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More on Mercenary Anthropology

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  • George Thomas
    Mark, Brian, Lloyd, etc: I ve been following this odd little corner of anthropology for some time, and notice how it features good days and bad days, as with
    Message 1 of 2 , Nov 15, 2007
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      Mark, Brian, Lloyd, etc: I've been following this odd little corner of anthropology for some time, and notice how it features "good days and bad days," as with an individual with some terminal disease. Excuse the biological analogy, but I though better of it too late. The website "SavageMinds" has running commentary on this also. In 2005 a commentator wrote (and I paraphrase from memory here) "there cannot be any such thing as an anthropology associated with 'US Forces.' This is not moralizing, but a practical matter. It simply cannot be done."
      The issue goes back at least to Boas' 1919 letter to The Nation. One Anna Simons writes somewhere (and again I apologize for foisting yet another faulty memory paraphrase on you), "if anthropologists don't inform the military, the military will turn to the kinds of advisors who make us want to tear our hair out." This quote has been cited in more than one place, but I have yet to find it. If any of you can provide me with an I.D. of this citation, feel free.
      And finally, I first found ref to Montgomery McFate amid those 2005 SavageMinds blog entries, and it seems her work is even more "embedded" within the military than is Anna Simons'. As one session in particular at the 2002 meetings of the AAA in New Orleans made clear, whether one "embeds" with "evil" (wink-wink) or stays clear on "moral high ground," there will always be differing perspectives and motivations, and there will always be acrimony on this subject. As some discussions of values, ethnocentrism, the lack of fit between the "anthro perspective" and that of, say, an FBI operative make clear to us anthros, this difference of opinion and approach will always be with us, and will always be acrimonious.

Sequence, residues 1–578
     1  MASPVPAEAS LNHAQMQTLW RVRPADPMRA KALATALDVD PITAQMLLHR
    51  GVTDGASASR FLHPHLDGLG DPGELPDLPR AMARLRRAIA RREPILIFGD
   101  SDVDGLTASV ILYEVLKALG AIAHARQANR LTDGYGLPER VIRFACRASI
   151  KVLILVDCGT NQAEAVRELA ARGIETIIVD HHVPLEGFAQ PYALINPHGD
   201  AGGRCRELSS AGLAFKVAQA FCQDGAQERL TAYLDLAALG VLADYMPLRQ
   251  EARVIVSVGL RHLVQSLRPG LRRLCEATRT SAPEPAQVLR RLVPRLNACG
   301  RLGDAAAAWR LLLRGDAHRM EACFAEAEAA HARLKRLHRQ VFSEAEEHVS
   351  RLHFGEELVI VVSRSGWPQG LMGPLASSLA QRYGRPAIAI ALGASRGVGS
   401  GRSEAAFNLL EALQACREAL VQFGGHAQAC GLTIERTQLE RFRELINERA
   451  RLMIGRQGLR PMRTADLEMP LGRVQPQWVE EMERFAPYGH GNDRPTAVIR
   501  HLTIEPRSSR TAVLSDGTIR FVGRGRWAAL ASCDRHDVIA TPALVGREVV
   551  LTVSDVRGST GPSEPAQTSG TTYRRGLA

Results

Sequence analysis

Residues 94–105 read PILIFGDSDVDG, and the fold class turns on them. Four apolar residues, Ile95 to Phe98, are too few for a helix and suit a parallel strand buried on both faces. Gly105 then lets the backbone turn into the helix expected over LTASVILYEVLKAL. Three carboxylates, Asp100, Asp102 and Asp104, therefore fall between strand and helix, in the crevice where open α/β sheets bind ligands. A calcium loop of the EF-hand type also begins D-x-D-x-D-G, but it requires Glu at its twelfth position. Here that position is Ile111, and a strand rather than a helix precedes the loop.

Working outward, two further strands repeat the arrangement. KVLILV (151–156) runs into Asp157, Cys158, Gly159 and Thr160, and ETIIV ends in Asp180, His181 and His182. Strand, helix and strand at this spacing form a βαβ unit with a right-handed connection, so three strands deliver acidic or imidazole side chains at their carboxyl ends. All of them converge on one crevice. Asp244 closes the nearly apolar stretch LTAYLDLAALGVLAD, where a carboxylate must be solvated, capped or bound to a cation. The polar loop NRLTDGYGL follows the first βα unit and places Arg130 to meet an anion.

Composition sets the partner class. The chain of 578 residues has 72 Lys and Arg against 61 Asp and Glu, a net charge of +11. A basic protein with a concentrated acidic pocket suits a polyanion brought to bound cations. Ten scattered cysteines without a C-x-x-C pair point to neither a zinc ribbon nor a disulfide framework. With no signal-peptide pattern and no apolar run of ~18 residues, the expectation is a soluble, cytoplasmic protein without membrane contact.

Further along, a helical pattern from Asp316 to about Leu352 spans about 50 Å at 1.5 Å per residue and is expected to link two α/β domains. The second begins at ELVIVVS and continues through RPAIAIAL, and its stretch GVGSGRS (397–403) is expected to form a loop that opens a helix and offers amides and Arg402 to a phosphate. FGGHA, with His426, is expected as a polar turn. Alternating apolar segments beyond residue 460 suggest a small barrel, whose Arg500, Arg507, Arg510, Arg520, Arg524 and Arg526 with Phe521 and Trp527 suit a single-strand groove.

Trouble is, from today's perspective we have this illusion that the politics du jour really MATTER this time.
      Perhaps they do.
      I tend to agree with Mark L., re. the ongoing process of anthropology, anthropologists, and our changing community. From the Anna Simons perspective, someone's got to provide some input of an anthropological nature and try to convince the powers-that-be to consider the input as a whole, and not simply as a source of info on ethnic groups, the better to "neutralize" them. From the purist perspective, yes, it's true. Much valuable pure research opportunities have been lost. So what on earth do we DO about it?
      George


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    • Lynch, Brian M
      George, I need to go back to Boas and read more about his statement on this. It seems very much in the order of what I have been trying to get at on the AAA
      Message 2 of 2 , Nov 15, 2007
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        George,



        I need to go back to Boas and read more about his statement on this. It
        seems very much in the order of what I have been trying to get at on the
        AAA blog and in discussions here. It strikes me that our challenge is
        much like that of journalists and/or the Red Cross: how do we continue
        to do what we do professionally in a way that "protects our sources,"
        establishes our clear intention of attempting to be objective in our
        practical standing (that is, when we stand in someone's midst it is
        clear we are there to observe and understand, not to spy and
        counter-insurge-pardon my grammar)?



        McFate et al, on the other hand, are very clear that they are not simply
        doing what they are doing as some kind of internal anthropological
        subversion-attempting to change the military into a nonviolent peace
        force (as some kind of anthropological double-agents, really meaning to
        change the military from within into something other than a military
        force). They are working as agents of a military, for that military's
        success. This blatantly perverts anthropological principles and
        practices of developing trust among those we study with, and calls into
        question the trust-worthiness of any anthropologist, if our professional